Jacob Sheep

Penny and Pearl have arrived on the farm!


I have wanted to add sheep to my fiber herd for years, but I always came up with a reason to put it off. Until this Spring that is, when various changes steamrolled my usual no-sheep-yet excuses. I talked to my partner and started doing more research on breeds that would work best for us. We spent a delightful day at the MD Sheep and Wool festival talking to shepherds, visiting sheep, collecting business cards, and buying fleece from our top 3 breeds.

We had narrowed down our choices and to my surprise I found that my #1 breed, Jacob sheep, had been replaced with the Hog Island sheep from Virginia. To further my research, I washed and spun the Hog Island fleece I’d purchased and loved the tweedy yarn it made. We visited Mt. Vernon, purchased a black fleece, and talked about buying a few wethers. P and I were busy planning fencing and sheep shelter. And that’s when I threw a wrench into the whole thing.

Thinking back to when I first started with llamas and alpacas, all of whom were rescues, I started wondering how often sheep show up in rescues. So, I pulled up the websites and poked around on the pages of the rescues in our area. Finding no sheep, I decided to check the Petfinder website for sheep in MD and PA. And there they were, two little Jacob sheep ewes at a rescue in PA. They were within a 2 hour drive, and Jacobs were #2 on my breed list. Uh oh.

When I sent the rescue’s link (http://oneliferescue.org/) to P, I expected to be reminded of our decision to start with Hog Island sheep. But, no. His question was “when are you getting those ewes?” He knows me well and is just as dedicated to animal welfare. I filled out the adoption application, emailed the rescue, and waited while they checked my references. We didn’t have to wait too long for our approval. Penny and Pearl would be coming home with us! We made arrangements to pick up the girls that Sunday afternoon, and got to work on the fence and sheep shed.

Today marks Penny and Pearl’s first full week with us. They are still quite young, and the folks at the rescue did a wonderful job with them. The girls are curious, friendly, and surprisingly affectionate.  I’m looking forward to getting my hands on some of the beautiful Jacob fleece. Hog Island sheep are still on our list, but right now I’m going to concentrate on these two girls, and learn as much as I can about shepherding before we begin growing our flock.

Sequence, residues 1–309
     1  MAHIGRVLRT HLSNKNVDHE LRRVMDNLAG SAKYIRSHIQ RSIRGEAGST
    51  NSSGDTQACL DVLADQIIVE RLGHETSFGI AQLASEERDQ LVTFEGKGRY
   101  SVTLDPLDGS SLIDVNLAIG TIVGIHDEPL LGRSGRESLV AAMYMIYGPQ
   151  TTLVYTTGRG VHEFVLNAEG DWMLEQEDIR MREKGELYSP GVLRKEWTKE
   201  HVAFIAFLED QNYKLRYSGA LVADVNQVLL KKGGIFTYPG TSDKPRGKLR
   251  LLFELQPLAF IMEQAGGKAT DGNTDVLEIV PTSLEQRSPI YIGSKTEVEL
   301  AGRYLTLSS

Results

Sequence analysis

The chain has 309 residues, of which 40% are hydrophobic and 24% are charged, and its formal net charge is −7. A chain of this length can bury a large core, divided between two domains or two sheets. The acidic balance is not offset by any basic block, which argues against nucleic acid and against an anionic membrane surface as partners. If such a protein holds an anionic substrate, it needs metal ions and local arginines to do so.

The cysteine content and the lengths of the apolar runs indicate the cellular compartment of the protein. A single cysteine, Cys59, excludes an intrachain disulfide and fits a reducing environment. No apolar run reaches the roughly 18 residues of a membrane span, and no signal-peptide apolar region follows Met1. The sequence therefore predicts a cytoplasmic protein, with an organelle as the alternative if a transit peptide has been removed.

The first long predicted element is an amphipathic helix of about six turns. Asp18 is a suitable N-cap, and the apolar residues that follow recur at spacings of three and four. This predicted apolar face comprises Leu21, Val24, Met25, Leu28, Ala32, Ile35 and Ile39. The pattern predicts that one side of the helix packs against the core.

Coming Soon – Sheep!

Despite the best of intentions, I have not kept up with this blog. So, once again, I am going to make a concerted effort to produce more posts on a somewhat regular basis. In the Fall I’ll be returning to fiber art in a more dedicated way. I’ll be washing wool, spinning, dyeing, weaving, and teaching. I’ll also be writing about our newest additions to the Athlone Farm/Baltimore Wool Company.

This afternoon we’ll be picking up and bringing home our first sheep! Our current population will be 5 llamas, 4 alpaca, 2 sheep, and 13 chickens. The sheep are a pair of adorable Jacob ewes that we’re adopting from a local rescue. We also plan to add a couple of Hog Island sheep  sometime in the near future.


Yesterday was dedicated to the construction of a summer house for the girls. While I’ve had llamas and alpacas for the last 15 years, sheep do have some different needs. The sheep girls will have their cozy new shed (fitted with a fan for summer,) as well as good hay, minerals, a water bucket and some nice pasture. I’ll be posting more once we have them settled in their new home. And in a year, all of that beautiful marbled fleece will be ready to shear.


Rooster in the Hen House

Spring is a busy time on most farms. It’s crazy busy on mine. Shearing the llamas and alpacas, trying to get the garden in order and planted, and getting the barn ready for hot weather take a lot of time. Every year I say I’ll simplify or get a head start and every year things are still crazy.

This year I managed to add another layer of crazy. I decided to get a few chicks to make my flock a little bigger. I thoroughly enjoy my chickens, I wanted more eggs, and more hens keep my rooster busier. So I picked up five chicks from our local feed store; 1 auracana, and 4 black jersey giants. Somewhere around 3 or 4 weeks I noticed that one of the JG hens had a bigger comb than the others. It was also much taller than the others. Two weeks later I saw wattles growing in. I couldn’t ignore it or pretend any more. She was a he.

Which one is the rooster? Easy to see!